You might be clued up on various aspects of your health, from how best to support your gut microbiome to the signs of ovulation. When it comes to intricate knowledge of your genitals, however, you might be less knowledgeable. Straight up, learning more about this area is key, when it comes to a thorough understanding of your overall health. Below, check out some common myths about your labia – and the truth to know, instead.
Myth 1: The labia are part of the vagina
'Some women use the term "vagina" to represent all of the female genitalia, but anatomically, the labia are part of the vulva,' a.k.a. the external genitalia, says Sara Twogood, M.D., assistant professor of clinical obstetrics and gynecology at USC Keck School of Medicine. There are two parts to the labia, the labia majora and labia minora.
Myth 2: Every woman has the same size labia
In reality, they vary in size depending on the woman. 'The labia majora is the outermost lips, and their size is related to fat content; the more fat they contain, the larger they are,' says Twogood, who notes that they tend to get smaller after menopause. 'The labia minora are the inner lips, and there's also a lot of variation from woman to woman. When women complain about their labia being too big or want labiaplasty to correct the size or shape of their labia, they're usually referring to their labia minora.'
Myth 3: Yeast infections get started here
Yeast infections may cause irritation and itching of both the labia majora and minora, but these organs aren't usually where the problem originates, explains Twogood. 'Yeast infections are usually caused by an imbalance of normal bacterial flora [inside] the vagina.'
Myth 4: The labia and clitoris are the same thing
'The labia are often confused with the clitoris, but they're different structures. They are essentially contiguous neighbors,' says Antonio Pizarro, M.D., a gynaecologist and urogynecologist in private practice. The clitoral hood, which connects to the tip of the clitoris, is the small fold of skin at the top of the labia minora. The labia and the clitoris all play a role in sexual arousal, but the labia also have a protective function since they help keep bacteria out of the vaginal opening. "They serve as an anatomic barrier to microbes," says Pizarro.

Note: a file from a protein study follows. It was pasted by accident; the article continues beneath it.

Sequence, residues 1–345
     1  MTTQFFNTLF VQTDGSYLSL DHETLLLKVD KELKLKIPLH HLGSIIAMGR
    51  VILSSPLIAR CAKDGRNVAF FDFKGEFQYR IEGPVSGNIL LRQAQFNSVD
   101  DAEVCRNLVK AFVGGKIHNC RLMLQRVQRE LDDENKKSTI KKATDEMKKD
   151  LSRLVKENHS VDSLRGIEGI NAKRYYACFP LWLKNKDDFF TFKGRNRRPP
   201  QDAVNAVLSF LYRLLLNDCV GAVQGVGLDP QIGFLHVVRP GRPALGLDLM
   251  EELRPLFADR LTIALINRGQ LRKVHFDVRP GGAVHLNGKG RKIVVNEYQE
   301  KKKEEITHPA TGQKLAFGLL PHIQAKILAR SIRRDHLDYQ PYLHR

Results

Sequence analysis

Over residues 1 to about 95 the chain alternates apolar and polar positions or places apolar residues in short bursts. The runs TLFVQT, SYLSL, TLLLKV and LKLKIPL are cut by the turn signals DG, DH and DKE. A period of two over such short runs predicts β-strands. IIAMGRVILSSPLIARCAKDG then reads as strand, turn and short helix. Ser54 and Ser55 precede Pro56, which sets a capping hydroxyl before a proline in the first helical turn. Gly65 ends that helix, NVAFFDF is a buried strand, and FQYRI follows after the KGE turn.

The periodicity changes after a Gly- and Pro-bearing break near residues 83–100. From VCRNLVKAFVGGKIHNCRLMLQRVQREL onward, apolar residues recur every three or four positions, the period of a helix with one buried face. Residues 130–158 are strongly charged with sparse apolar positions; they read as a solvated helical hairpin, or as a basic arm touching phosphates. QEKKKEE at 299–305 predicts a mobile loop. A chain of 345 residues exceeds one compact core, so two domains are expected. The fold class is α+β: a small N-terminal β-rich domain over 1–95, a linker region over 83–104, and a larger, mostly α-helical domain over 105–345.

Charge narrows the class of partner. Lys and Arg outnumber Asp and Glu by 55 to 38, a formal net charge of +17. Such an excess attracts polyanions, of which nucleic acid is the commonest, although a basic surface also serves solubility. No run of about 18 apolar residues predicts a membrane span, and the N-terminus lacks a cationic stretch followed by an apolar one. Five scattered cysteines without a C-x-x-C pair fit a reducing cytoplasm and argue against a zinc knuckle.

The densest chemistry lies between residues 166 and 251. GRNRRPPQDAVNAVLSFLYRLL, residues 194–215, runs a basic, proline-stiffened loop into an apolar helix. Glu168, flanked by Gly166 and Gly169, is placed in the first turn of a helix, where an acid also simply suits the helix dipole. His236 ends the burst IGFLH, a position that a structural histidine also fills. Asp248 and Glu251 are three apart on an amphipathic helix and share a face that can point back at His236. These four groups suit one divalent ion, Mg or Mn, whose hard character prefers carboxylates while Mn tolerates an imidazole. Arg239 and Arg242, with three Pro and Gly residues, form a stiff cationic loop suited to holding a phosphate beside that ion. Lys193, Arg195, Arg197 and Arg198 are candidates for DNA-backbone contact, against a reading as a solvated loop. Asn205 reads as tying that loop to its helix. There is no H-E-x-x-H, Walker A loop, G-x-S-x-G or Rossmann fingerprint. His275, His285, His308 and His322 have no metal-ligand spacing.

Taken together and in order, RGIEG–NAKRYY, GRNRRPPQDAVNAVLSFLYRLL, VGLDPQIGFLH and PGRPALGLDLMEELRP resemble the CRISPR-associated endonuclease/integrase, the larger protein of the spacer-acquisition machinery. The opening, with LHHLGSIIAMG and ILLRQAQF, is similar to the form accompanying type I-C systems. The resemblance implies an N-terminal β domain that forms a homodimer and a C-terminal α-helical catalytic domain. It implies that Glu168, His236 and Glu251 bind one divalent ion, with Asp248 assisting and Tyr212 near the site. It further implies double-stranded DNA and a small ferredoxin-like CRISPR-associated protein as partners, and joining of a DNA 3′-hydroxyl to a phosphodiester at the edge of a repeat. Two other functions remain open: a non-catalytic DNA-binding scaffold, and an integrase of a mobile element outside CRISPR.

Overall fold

Myth 5: You need to pay extra attention to keeping the labia (and the rest of your genitals) clean and fresh
Forget the special soaps or perfumed sprays, says Pizarro. 'Cleaning daily with plain water and/or a mild soap is sufficient,' he says. The skin of the vulva—especially the labia and the adjacent tissues—is very delicate, and using scented products or anything strong can cause irritation.
Myth 6: Your labia should be hairless
Stop waxing and plucking. The hair that's down there is supposed to be there and helps keep out unwanted microbes, says Kameelah Phillips, M.D., an ob-gyn in New York City. Another problem: 'Hair removal can cause bumps, or make the labia red, itchy, or otherwise angry,' says Phillips. 'I really try and encourage women to avoid using pornography as the standard of what their body should look like,' she says. 'Most women do not look like porn stars.'
Myth #7: Visible veins down there are weird
They're actually really common, especially during pregnancy. 'Around one in 10 pregnant women experience vulvar varicosities, which are varicose veins found in the labia majora and minora,' says midwife Tracy Donegan. Caused by an increase in blood flow to the pelvic organs and pregnancy hormones, they're most common during the third trimester.
'Many moms experience feelings of pressure or fullness in that area before they realise they have [a varicose vein],' says Donegan, but most of the time they don't cause any problems and usually go away shortly after you give birth. 'My advice is to invest in a good compression garment and avoid standing for long periods,' she says.
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